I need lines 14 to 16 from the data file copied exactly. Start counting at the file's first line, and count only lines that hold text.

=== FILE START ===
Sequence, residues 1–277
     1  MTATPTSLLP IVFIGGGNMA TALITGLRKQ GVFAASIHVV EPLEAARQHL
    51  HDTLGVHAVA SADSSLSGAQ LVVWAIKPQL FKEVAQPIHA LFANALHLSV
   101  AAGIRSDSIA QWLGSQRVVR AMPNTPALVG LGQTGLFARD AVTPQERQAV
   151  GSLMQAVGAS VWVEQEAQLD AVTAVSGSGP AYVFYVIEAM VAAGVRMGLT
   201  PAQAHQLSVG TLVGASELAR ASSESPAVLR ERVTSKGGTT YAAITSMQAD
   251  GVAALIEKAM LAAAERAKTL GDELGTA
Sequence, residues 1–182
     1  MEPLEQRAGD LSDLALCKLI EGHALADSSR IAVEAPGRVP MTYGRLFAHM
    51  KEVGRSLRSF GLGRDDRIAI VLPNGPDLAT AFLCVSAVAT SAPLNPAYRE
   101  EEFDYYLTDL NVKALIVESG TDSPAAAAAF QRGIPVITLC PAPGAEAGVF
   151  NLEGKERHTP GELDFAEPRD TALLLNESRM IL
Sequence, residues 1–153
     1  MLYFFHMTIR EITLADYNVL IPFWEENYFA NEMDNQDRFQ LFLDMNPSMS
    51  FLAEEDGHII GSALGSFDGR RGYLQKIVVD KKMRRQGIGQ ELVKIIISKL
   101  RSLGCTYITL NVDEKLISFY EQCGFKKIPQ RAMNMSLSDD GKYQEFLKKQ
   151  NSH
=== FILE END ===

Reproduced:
     1  MLYFFHMTIR EITLADYNVL IPFWEENYFA NEMDNQDRFQ LFLDMNPSMS
    51  FLAEEDGHII GSALGSFDGR RGYLQKIVVD KKMRRQGIGQ ELVKIIISKL
   101  RSLGCTYITL NVDEKLISFY EQCGFKKIPQ RAMNMSLSDD GKYQEFLKKQ